Travelblog#35: Sabang – the Philippines

10th-11th January, 2015

After a very comfortable Christmas and New Year spent with friends in Taiwan, I was back on the road again. Destination: the Philippines.

No longer alone, I had three travel buddies with me: Jody, James and Chloe. All of us are old friends and went to University together. Jody has been living in Taiwan for the last four years, teaching English. James and Chloe are a couple, and have also been travelling around Asia this year – while I was roaming around Indonesia, they were backpacking around Thailand, Laos, Cambodia, and Vietnam.


We left Taipei in the early hours of the morning and had a three hour stopover at Manilla airport, where we waited for our connecting flight to Puerto Princesca.

It was during this transit at Manila airport that I first encountered the carefree attitude Filipinos have towards time: almost every flight was delayed that morning, but nobody seemed all too bothered or surprised. Even when the planes were ready to leave, the airlines then had to chase up missing passengers who had not turned up to their gates. Streams of names were called out in the intercom over and over again, followed by; “your flight is ready to leave. Can you report to gate [X] for boarding… please?” each time, a little more pleadingly. The delayees were, presumably, sat in cafés, obliviously slurping upon drinks without a worry in the world.

I decided that I was going to have to ‘get with’ this laid-back vibe during my time here, or otherwise it might begin to annoy me.

We reached Puerto Princesca in the morning and caught a bus straight to Sabang.


We were too tired to do much else other than find ourselves a lovely little cottage by the sea to stay in, book our permits to visit the nearby underground river the next day, and finish off a long journey with a beer on the balcony.


The Puerto Princesca Subterranean River National Park has recently been named one of the Seven New Wonders of the Natural World, and has thus become a little overcrowded. After we had finished patiently queuing alongside all of the tour groups, through several stages of a hopelessly bureaucratic system, we were finally loaded up onto a boat and taken to a small cove further along the coast to the entrance of the cave.


It was a very scenic area, with large monitor lizards wandering around and cheeky crab-eating macaques trying to scrounge food. The brackish waters were a beautiful greenish colour and were teeming with fish. Swimming was not allowed; as the eco-system is very unique and part of a protected area.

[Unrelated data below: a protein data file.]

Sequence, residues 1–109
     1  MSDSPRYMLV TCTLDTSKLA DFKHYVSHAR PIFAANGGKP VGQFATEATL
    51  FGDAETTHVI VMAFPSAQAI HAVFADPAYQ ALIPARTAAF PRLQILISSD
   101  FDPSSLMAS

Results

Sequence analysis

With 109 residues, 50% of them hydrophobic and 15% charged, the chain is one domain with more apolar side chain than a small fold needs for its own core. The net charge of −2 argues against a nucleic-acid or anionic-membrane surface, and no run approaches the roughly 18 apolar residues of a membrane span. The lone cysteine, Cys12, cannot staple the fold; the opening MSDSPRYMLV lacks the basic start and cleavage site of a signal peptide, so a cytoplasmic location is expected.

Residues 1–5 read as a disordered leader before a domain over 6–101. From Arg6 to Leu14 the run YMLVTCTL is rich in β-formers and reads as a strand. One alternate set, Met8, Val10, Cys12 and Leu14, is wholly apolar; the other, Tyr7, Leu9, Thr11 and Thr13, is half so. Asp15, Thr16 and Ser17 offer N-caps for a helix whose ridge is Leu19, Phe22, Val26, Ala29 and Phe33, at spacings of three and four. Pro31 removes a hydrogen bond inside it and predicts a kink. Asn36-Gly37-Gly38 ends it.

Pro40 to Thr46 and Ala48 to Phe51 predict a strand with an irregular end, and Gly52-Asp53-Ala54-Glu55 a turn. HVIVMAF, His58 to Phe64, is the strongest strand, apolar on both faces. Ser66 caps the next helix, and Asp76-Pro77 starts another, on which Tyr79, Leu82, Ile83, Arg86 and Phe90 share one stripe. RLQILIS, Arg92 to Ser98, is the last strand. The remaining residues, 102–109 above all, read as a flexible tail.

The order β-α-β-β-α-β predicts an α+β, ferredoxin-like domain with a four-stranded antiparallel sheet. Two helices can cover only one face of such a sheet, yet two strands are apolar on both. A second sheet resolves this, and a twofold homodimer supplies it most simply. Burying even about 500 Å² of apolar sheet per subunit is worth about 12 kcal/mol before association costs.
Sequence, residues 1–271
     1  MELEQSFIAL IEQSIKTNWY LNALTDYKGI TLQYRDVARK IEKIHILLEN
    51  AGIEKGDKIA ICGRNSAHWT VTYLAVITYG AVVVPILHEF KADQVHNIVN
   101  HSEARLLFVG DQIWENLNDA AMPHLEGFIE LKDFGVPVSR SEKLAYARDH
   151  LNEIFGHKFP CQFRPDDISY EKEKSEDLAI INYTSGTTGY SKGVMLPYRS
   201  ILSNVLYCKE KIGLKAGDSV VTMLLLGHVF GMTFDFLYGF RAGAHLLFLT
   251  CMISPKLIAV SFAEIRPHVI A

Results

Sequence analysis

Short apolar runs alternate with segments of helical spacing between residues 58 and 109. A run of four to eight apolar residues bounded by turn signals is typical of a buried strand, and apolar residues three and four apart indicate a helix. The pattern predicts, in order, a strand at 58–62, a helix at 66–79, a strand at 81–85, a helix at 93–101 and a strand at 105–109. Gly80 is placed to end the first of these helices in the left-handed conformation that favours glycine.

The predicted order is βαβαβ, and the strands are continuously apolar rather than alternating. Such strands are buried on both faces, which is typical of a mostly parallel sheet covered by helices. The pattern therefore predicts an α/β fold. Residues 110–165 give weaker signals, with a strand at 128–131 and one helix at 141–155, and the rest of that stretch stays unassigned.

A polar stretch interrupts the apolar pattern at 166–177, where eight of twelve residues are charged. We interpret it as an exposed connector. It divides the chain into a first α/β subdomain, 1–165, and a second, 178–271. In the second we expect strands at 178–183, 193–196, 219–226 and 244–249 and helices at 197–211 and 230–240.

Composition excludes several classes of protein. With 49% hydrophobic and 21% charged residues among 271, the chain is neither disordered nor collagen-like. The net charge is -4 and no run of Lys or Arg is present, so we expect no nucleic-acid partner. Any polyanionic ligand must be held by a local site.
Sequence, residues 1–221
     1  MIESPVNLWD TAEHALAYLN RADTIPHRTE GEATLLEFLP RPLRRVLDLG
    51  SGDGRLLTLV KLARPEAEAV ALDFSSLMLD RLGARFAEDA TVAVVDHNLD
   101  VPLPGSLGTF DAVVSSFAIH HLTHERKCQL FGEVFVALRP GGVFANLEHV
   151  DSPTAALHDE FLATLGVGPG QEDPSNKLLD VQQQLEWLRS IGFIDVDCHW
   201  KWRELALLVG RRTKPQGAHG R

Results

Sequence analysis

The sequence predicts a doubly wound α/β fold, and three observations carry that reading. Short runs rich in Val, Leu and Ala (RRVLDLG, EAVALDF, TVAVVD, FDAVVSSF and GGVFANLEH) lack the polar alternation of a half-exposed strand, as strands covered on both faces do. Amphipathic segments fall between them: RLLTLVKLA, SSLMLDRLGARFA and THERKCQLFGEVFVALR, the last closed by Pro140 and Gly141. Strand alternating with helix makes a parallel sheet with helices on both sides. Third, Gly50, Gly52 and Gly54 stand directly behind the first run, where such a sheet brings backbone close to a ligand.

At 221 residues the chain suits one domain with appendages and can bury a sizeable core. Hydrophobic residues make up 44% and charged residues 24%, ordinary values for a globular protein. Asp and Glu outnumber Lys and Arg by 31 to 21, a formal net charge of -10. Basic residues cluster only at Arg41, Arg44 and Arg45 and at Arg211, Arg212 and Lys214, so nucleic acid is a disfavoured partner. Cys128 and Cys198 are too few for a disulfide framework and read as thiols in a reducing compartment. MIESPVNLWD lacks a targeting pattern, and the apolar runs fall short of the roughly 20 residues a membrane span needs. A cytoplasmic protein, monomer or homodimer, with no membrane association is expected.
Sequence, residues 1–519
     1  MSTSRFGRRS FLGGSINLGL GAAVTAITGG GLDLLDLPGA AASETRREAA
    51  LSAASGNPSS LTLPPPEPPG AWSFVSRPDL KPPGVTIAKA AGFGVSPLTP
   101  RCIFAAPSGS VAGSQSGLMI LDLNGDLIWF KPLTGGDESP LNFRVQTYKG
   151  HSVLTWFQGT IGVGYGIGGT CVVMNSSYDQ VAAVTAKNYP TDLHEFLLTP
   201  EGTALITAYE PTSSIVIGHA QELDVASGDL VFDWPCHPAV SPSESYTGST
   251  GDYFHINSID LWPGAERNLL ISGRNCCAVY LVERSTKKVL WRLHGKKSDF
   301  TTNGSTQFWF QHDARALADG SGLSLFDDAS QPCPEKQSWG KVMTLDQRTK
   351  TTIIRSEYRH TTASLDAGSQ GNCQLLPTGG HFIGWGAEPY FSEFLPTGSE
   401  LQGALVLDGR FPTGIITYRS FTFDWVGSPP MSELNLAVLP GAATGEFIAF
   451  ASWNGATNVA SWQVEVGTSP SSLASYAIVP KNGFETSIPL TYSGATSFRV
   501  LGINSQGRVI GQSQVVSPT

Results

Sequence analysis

Once our group number was called out we were loaded up onto another boat and we began our tour of the cave.


Our guide’s commentary was comical and gimmicky, rather than scientific, but entertaining. Between all the wise-cracks and one-liners, he did tell us a little bit about the history of the place. Mostly, he pointed out different formations and told us their names: “this is Medusa, can you see the hair?” “that one is The Dolphin,” “this one, is for adults only.”


It was a very nice cave, and definitely worth the visit.


Once our tour was over we decided to walk back to Sabang through a jungle walkway I had read good things about in my Lonely Planet guide, only to discover that in the year since my guide was written the footpath – which locals and travellers alike have been casually strolling through over the years – has been rebranded as a trail which, for the purposes of ‘safety’, (*cough* *cough*) white people need a guide.

To be fair, the price for the guide was quite cheap so we grudgingly paid it. It vexes me though, when the concept of Health and Safety is abused as a money-making scheme – it is a very western habit which seems to be slowly creeping into Asia. Most of the path was paved, and it was all very well signposted – there really is no need for people to be ‘guided’ through it.

The walk went past some lovely limestone scenery, swamplands and mangroves. We even saw a snake along the way, as well as a cave which is used by monitor lizards to lay their eggs.


When we got back to Sabang, we grabbed our bags and jumped upon a bus heading towards Port Barton.

For more photos, go to my Flickr account.

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